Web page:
If the tool 10 is to be used with decking boards which have a different width such as 70 mm, then the elements 25 are spaced apart by a distance D of 70.5 mm. Thus, two different tools can be provided for use with the two different board widths. However, in a still further embodiment, the tool body 10 can be provided with releasable spacer elements 25 and locator points for locating the spacer elements 25 at separation distances of 90.5 mm or 70.5 mm so that a single tool can be modified for use with decking boards of thickness 90 mm or 70 mm as the case may be.

As is apparent from FIGS. 2 and 4, the end spacer elements which are marked 25′ in FIGS. 2 and 4 are of greater length in a distance away from the surface 16 than the intermediate spacer elements 25. The reason for this is that the greater length of the spacer elements 25 provides a more secure location against a joist, and also against end decking boards during use of the tool, to reduce the likelihood of twisting or pivotal movement of the tool relative to the boards when the tool is in use.

In the preferred embodiment of the invention, the length of the end teeth 25′ are approximately 30 mm and the length of the other teeth are about 15 mm. However, once again, these dimensions could be varied depending on the application to which the tool is to be put.

As is apparent from a consideration of FIGS. 4 and 5, the spacer elements 25 each have a leading edge 35 which are aligned along line B in FIG. 5. The aligned edges 35 are spaced a predetermined distance D1 from front edge 20 of the tool body 12, which relates to the thickness of a joist on which the decking boards are to be laid. For example, if the joists have a thickness of 35 mm, the spacer elements 25 are positioned such that the edges 35 are the distance D1 of 10 mm from the front edge 20 of the tool body 12. In this instance, the removable plate 22 is removed from the tool body so the front edge 20 forms a guide for a nail gun to nail the boards to the joists, as will be described hereinafter.

Thus, when the tool is in use, at least some of the spacer elements 25 contact the joist, and thereby locate the front edge 20 of the tool body over the joist to form the guide for the nail gun. In the preferred embodiment of the invention, only the longer spacer elements 25′ extend down beneath the decking boards and abut the side of the joist. However, in other embodiments, additional ones, or all of the spacer elements 25, could contact the side of the joist to position the tool and therefore the front edge 20 at the desired place over the joist.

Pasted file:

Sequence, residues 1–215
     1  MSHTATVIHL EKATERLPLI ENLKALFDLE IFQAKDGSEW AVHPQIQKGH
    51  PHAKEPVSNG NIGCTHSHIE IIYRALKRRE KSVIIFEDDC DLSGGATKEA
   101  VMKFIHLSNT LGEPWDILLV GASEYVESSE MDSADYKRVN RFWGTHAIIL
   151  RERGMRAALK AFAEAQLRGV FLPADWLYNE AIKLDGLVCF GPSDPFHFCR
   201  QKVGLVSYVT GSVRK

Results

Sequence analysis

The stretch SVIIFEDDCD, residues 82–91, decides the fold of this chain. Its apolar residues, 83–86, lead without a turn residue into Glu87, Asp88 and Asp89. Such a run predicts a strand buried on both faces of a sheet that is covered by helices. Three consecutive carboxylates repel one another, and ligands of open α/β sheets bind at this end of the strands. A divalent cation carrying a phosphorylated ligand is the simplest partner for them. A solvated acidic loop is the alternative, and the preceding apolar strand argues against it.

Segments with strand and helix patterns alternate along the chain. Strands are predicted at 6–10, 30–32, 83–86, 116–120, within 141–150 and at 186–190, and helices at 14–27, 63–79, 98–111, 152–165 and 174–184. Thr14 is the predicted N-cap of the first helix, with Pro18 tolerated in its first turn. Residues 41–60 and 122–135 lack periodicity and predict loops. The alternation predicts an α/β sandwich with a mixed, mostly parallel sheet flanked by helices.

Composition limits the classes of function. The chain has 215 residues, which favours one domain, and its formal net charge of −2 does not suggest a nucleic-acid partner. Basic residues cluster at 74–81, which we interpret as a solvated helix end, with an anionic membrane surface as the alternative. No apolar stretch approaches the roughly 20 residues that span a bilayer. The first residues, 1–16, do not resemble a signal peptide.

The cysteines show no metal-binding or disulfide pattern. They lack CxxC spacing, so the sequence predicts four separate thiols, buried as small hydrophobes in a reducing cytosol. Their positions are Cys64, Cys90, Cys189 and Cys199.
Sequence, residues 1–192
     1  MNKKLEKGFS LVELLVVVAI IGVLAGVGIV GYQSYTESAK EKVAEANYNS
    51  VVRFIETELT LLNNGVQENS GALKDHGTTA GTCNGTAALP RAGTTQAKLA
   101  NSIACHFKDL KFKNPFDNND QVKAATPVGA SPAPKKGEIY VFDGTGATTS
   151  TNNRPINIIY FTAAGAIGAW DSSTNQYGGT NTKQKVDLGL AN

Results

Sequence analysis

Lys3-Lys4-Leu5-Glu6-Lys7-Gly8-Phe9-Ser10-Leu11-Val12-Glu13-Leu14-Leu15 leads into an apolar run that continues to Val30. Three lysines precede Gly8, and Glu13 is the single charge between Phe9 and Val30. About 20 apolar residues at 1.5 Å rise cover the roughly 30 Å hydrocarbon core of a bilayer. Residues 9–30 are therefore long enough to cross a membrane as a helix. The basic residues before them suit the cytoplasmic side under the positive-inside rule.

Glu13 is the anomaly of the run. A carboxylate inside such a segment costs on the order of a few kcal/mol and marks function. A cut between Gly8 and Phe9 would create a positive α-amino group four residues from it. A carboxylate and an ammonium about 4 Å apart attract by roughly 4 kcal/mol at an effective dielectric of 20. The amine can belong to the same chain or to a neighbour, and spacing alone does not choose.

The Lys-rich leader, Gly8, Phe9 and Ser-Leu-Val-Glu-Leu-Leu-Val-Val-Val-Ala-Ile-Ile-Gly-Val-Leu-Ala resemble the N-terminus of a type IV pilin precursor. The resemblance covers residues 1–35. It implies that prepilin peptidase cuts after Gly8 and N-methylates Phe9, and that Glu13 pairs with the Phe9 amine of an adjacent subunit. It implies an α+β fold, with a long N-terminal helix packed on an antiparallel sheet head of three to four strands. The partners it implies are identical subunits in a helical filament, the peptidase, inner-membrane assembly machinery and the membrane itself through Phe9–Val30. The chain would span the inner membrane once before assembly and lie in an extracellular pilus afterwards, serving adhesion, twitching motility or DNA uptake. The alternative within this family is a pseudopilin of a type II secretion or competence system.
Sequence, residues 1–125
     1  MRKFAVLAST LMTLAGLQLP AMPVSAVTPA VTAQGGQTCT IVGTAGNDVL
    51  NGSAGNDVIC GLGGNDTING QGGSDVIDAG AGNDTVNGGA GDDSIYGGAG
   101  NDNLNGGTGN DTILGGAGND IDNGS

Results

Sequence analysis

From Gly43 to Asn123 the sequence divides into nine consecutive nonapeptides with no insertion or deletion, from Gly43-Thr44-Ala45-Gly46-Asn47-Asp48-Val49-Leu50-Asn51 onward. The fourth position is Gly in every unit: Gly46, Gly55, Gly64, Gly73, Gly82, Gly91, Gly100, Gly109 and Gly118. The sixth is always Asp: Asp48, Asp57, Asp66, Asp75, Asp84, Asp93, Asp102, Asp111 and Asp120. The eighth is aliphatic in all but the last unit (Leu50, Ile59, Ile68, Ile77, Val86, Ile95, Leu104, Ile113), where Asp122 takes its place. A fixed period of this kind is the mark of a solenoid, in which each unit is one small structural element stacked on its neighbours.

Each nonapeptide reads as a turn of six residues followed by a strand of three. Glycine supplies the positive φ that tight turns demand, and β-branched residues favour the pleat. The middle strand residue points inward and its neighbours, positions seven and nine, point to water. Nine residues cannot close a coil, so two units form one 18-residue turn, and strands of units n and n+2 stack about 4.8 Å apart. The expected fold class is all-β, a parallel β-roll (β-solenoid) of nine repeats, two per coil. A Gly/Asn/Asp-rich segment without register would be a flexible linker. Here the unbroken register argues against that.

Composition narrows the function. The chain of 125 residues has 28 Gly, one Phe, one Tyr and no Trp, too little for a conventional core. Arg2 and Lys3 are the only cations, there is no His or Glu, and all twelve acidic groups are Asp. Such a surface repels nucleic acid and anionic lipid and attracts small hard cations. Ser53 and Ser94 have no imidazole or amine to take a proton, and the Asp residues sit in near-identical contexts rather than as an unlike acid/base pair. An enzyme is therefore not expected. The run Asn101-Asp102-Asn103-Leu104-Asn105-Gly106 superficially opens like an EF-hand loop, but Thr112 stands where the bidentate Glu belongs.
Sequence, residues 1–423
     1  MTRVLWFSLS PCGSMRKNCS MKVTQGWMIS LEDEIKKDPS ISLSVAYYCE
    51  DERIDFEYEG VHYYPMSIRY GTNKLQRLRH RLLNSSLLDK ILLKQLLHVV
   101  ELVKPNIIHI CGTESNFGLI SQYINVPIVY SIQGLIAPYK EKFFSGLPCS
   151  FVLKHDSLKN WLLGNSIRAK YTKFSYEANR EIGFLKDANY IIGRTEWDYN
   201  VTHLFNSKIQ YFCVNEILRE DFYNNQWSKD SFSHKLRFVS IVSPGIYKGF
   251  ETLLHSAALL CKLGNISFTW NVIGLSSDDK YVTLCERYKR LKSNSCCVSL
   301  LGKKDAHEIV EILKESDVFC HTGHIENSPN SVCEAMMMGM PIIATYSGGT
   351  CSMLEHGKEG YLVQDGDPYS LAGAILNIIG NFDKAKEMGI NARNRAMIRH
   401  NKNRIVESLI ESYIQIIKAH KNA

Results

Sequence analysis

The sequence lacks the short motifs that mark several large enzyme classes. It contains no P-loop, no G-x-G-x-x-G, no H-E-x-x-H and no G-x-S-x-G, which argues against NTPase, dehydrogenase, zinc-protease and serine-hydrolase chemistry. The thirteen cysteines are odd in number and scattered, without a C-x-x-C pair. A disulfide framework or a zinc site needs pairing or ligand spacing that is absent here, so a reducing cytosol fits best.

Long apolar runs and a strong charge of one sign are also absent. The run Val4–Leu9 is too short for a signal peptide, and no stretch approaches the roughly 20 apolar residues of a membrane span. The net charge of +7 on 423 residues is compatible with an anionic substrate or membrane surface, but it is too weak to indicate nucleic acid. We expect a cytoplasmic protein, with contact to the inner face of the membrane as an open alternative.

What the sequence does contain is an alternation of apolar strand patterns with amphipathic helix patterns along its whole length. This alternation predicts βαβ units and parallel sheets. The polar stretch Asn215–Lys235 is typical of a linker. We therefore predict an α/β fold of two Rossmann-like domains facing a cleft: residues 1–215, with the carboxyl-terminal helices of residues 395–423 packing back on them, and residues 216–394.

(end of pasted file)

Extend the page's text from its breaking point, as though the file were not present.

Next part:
Thus, the front edge 20 is located slightly towards the side of the joist from the midpoint of the joist by a distance of about 5 mm. This distance accommodates the thickness of the nail gun, so that if the nail gun is placed adjacent the edge 22, the nails are located at the midpoint of the joist so that when the nails are punched into the boards and the joist, the nails form a straight line at the midpoint of the joist.

If the tool is to be used with a joist of 45 mm thickness, the removable plate 22 is secured in position. The plate 22 has a thickness of about 5 mm and therefore the edge of the tool body which, in this arrangement, is formed by the edge 22′ of the plate 22 is spaced a distance of 15 mm from the leading edges 35 of the spacer elements 25. Thus, again this provides spacing for the nail gun so a straight line of nails is formed at the midpoint of the joist.

In a still further embodiment, if the tool is to be used by a handyman who intends to form the deck by using a hammer and nails rather than a nail gun, a removable plate 20 having a thickness of 12.5 mm can be provided. This will locate the edge 22 at the midpoint of a 35 mm joist so that the nails can be located against the edge 22 and hammered through the boards and into the joist to thereby form a straight line of nails at the centre line of the joist.

In still further embodiments, the tool can be supplied with a number of different sized removable plates so that an appropriate removable plate can be attached to suit the size of the joist, and also whether the fasteners are being attached by way of a nail gun, hammer or other suitable tool.

Whilst the tool of the preferred embodiment has seven spacer elements 25 defining six spaces for receiving decking boards, the number of elements, and therefore the number of decking boards which can be accommodated by the tool is arbitrary and could be more or less than six. For example, in some applications, the tool could accommodate two or three boards and in others, 10 to 15 or even more boards.

FIG. 6 is a diagram illustrating how the tool of the preferred embodiment is used to form a decking.